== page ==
Weekly, a few of us at Body Firm coordinate and lead rides for a magnificent Body Firm cycling group. We are aiming to ride a 200 mile route (called the STP) in July in 2 days. Each week, a "tip" is sent out and this one is written by Aaron Odell, a fabulous trainer, CMT, and cyclist. I wanted to share as I loved his message: Respecting our body
I watched a documentary film last night called “Riding the Divide". Some of you may have seen it. It’s a slow paced film that follows primarily 3 of 15 starters doing a race from Canada to Mexico on mountain bikes. The race covers roughly 2,700 miles and I believe over 150,000 ft. of climbing. Piece of cake right? WOW! is all I have to say. My other half asked me if I'd ever thought of doing a race like it and my answer was a firm NO WAY!
Only around half of the people who started the race finished. These people who dropped out were emotional about stopping, but riding over 100 miles a day on your mountain bike can give you some time to do some soul searching. A lot of the participants have all manors of cuts, bruises, sores, blisters and heavy doses of aches and pains. But they trudge on…that is until some of them hit a wall most of us have likely never hit; crushing fatigue in hallucinogenic proportions. Many have to call it a day at some point during the race and make peace with themselves. They make tearful phone calls to family members and pack it up.
It dawned on me watching some of these people that sometimes calling it a day is a braver choice than pushing on. Usually it takes experience to figure out what our real limits are. So I don't feel we should fear our limits but be mindful of them. I think that having a healthy dose of respect for one’s body is where good decisions come from. If our main motivation is stroking or protecting our fragile egos many times it can end badly. Many many times I've pushed myself to the extent of injury or exhaustion all because I didn't want to be a looser, a failure, or a quitter. Little did I know at the time that those where just labels, judgments and over simplifications I had learned when I was younger. Unfortunately they just didn't apply to reality. The flip side would be acting like one had borrowed someone else’s body (somebody you cared for) and are going to have to give it back to them sometime soon and in better shape than we found it. Sounds funny right! Another way to approach your body is to treat it at least as well as your favorite pet. Our bodies are with us through thick and thin and are constantly doing the very best they can, considering the circumstances it encounters, that loyalty is a quality worth loving..... worth respecting.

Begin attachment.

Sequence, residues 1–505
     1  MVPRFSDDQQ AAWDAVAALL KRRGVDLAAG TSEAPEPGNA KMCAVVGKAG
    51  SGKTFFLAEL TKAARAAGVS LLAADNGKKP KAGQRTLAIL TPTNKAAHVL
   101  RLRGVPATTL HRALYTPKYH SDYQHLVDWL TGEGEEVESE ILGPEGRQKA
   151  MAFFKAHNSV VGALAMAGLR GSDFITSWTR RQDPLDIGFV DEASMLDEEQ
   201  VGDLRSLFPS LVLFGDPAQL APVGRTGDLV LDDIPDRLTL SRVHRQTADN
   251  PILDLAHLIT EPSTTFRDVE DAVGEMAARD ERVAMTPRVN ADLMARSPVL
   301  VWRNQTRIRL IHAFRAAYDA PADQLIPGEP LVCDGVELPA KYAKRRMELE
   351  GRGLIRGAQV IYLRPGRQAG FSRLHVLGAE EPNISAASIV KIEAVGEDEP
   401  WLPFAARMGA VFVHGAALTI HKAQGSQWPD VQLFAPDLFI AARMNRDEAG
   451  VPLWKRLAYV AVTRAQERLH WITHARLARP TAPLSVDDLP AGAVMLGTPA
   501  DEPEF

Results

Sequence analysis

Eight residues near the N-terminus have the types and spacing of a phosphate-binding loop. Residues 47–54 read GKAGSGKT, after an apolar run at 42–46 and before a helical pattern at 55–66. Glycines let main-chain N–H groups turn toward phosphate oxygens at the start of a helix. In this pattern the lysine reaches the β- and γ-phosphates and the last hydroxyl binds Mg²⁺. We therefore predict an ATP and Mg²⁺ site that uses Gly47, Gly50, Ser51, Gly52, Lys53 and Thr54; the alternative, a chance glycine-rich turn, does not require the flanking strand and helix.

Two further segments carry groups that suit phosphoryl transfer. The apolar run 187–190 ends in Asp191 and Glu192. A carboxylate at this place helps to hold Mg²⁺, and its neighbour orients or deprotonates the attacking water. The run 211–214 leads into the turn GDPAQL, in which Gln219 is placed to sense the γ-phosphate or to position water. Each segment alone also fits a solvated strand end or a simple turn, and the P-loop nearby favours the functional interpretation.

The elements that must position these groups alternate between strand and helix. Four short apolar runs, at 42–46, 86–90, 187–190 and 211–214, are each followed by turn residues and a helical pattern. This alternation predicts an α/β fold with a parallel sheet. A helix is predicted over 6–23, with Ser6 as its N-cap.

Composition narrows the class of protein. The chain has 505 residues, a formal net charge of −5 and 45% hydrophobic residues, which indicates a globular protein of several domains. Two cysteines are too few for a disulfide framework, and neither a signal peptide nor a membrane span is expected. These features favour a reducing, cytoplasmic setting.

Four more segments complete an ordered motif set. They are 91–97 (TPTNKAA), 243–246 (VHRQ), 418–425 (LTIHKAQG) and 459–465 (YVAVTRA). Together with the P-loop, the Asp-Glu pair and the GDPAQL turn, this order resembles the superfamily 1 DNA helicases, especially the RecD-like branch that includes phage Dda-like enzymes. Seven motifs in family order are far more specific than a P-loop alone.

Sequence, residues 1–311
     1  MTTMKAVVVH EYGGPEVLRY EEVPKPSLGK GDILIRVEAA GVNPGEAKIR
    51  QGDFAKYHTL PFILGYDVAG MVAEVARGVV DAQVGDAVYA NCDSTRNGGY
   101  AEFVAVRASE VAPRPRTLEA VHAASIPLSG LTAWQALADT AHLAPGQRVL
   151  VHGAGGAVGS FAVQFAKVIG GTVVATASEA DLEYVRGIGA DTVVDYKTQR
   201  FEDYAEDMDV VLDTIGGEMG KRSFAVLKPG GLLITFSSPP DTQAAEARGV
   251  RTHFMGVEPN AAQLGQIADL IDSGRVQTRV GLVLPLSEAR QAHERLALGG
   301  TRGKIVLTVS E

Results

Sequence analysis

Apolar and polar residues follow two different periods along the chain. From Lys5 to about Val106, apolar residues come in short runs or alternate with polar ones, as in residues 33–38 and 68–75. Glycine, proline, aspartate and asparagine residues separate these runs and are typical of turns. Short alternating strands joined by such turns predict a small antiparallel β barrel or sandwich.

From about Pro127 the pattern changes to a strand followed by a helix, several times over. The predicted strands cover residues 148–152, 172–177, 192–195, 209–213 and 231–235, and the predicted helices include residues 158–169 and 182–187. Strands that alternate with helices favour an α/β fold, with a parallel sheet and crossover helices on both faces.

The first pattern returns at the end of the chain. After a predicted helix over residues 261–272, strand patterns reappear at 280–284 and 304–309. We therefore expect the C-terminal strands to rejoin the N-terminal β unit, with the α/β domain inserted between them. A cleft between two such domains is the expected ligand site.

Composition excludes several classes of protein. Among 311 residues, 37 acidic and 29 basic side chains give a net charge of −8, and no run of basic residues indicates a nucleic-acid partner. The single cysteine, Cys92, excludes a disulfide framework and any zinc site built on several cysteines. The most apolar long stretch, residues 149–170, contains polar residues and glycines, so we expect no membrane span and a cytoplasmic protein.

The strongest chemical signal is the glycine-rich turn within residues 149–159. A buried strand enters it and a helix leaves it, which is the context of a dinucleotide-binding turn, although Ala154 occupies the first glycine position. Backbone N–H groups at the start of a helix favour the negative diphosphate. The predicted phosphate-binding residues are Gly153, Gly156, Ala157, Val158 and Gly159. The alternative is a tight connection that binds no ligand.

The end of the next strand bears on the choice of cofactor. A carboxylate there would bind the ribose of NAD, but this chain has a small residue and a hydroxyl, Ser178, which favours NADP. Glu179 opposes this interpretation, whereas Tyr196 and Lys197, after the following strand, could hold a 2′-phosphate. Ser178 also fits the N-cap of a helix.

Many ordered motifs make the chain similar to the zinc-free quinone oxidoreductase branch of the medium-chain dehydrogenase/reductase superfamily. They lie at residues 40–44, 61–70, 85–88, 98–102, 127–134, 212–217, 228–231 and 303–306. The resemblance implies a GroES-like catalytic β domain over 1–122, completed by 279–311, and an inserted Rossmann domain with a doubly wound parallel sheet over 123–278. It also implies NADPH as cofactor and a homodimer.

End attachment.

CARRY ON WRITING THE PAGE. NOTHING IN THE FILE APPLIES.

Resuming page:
When I witness a feat of endurance like racing the Great Divide. I begin to realize just how much respect our bodies deserve. Lead through proper practice our bodies will absolutely amaze us. Like any living thing it needs to be stressed in ways that encourage growth. It needs to be tended to with nourishment and physical care. Whether you’re racing the tour de France or riding around the block, pushing yourself to find what’s possible is what we all have in common. Everyone has a different Mt. Everest to climb in their life. Discovering what our bodies are capable of is just one way of respecting what we've been given. Love your body, it’s the best one you have and it’s amazing.